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Insurance status and cancer treatment mediate the association between race/ethnicity and cervical cancer survival.

Insurance status and cancer treatment mediate the association between race/ethnicity and cervical cancer survival.
Author Information (click to view)

Markt SC, Tang T, Cronin AM, Katz IT, Howitt BE, Horowitz NS, Lee LJ, Wright AA,


Markt SC, Tang T, Cronin AM, Katz IT, Howitt BE, Horowitz NS, Lee LJ, Wright AA, (click to view)

Markt SC, Tang T, Cronin AM, Katz IT, Howitt BE, Horowitz NS, Lee LJ, Wright AA,

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PloS one 2018 02 1513(2) e0193047 doi 10.1371/journal.pone.0193047

Abstract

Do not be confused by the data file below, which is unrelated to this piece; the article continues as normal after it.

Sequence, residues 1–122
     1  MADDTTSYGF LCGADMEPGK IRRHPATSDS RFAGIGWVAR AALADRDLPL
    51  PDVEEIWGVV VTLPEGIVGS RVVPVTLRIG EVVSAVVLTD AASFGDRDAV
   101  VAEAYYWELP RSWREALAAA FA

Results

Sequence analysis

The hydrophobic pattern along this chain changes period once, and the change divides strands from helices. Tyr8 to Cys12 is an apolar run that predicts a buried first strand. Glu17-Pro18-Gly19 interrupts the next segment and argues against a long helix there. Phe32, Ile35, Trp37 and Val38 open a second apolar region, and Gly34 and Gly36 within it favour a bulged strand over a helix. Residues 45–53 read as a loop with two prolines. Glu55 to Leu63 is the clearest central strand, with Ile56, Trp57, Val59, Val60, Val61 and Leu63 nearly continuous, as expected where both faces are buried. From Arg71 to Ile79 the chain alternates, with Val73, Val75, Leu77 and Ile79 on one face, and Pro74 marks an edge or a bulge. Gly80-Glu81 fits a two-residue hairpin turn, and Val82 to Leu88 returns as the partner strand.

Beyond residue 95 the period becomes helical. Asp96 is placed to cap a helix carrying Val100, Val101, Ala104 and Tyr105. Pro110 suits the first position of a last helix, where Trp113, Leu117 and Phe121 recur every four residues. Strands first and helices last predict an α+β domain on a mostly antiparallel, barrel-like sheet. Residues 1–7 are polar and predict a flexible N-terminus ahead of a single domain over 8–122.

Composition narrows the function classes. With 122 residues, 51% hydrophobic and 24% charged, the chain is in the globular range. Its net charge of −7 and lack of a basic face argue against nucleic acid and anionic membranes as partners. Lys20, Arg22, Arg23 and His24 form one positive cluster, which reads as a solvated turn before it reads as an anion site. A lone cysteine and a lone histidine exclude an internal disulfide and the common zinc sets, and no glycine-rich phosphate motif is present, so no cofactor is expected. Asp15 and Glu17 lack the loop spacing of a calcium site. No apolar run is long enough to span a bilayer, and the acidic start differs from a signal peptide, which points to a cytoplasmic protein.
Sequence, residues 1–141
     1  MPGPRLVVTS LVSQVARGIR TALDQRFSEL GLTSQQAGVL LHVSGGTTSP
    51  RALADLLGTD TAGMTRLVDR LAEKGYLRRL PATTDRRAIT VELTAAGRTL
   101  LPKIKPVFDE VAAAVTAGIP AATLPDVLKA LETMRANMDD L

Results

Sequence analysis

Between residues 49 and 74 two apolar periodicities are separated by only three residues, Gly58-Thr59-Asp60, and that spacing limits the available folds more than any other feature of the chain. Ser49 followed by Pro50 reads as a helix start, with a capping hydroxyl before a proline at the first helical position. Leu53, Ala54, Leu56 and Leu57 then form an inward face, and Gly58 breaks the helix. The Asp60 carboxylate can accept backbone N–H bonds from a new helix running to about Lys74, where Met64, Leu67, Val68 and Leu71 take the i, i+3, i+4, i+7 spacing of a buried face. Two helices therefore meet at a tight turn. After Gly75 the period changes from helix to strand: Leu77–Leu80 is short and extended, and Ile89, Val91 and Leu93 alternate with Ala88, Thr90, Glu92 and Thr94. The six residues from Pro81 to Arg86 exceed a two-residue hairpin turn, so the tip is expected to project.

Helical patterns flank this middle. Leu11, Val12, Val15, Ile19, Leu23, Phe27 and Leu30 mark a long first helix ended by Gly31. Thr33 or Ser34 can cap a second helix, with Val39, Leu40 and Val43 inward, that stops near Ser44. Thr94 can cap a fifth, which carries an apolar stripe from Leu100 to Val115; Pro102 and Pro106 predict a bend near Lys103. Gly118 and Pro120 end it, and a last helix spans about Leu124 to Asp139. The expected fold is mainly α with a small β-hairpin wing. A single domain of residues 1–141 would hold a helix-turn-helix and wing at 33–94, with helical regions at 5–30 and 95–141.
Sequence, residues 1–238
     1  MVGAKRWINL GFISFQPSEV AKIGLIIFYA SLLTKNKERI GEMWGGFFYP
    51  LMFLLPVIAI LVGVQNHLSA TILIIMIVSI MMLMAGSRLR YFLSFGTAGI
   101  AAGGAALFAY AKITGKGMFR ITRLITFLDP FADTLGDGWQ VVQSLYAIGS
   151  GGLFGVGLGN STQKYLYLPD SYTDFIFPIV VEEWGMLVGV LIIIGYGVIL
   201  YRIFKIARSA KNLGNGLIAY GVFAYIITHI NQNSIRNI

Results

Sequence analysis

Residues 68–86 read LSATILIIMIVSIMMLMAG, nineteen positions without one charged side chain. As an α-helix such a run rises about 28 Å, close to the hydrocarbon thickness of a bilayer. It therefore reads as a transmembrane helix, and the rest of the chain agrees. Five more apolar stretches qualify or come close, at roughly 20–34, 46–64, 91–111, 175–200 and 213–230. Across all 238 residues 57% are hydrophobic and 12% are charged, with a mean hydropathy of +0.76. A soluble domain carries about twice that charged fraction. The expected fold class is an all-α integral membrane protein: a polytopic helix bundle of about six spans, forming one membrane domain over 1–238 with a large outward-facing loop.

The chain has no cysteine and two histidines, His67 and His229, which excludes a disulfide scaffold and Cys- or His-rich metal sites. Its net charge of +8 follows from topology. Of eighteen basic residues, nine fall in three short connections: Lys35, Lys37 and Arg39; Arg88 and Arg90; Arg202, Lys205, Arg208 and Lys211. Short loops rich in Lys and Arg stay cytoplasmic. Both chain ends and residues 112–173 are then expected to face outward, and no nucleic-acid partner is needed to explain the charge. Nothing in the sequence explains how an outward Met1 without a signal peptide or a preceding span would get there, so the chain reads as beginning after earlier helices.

Cervical cancer outcomes remain poor among disadvantaged populations, including ethnic minorities, low-income, and underinsured women. The aim of this study was to evaluate the mechanisms that underlie the observed association between race/ethnicity and cervical cancer survival. We identified 13,698 women, ages 21 to 64 years, diagnosed with stages I-III primary cervical cancer between 2007-2013 in Surveillance, Epidemiology, and End Results (SEER). Multivariable Cox proportional hazards regression models evaluated associations between race/ethnicity (Non-Hispanic White, Non-Hispanic Black, Hispanic, Other) and cervical cancer-specific mortality. We conducted mediation analysis to calculate the mediation proportion and its 95% confidence interval. Non-Hispanic black women had an increased risk of cervical cancer-specific mortality (HR: 1.23, 95% CI: 1.08-1.39), and Hispanic women a decreased risk of dying from their disease (HR: 0.82, 95% CI: 0.72-0.93), compared with non-Hispanic white. The estimated proportion of excess cervical cancer mortality for non-Hispanic black women relative to non-Hispanic white women that was mediated by insurance was 18.6% and by treatment was 47.2%. Furthermore, non-Hispanic black women were more likely to receive radiation and less likely to receive surgery for early-stage disease. In this population-based study we found that some of the excess cervical cancer-specific mortality for non-Hispanic black women is mediated by factors such as insurance status and treatment. These findings suggest that enhancing existing insurance coverage and ensuring equal and adequate treatment in all women may be a key strategy for improving cervical cancer outcomes.

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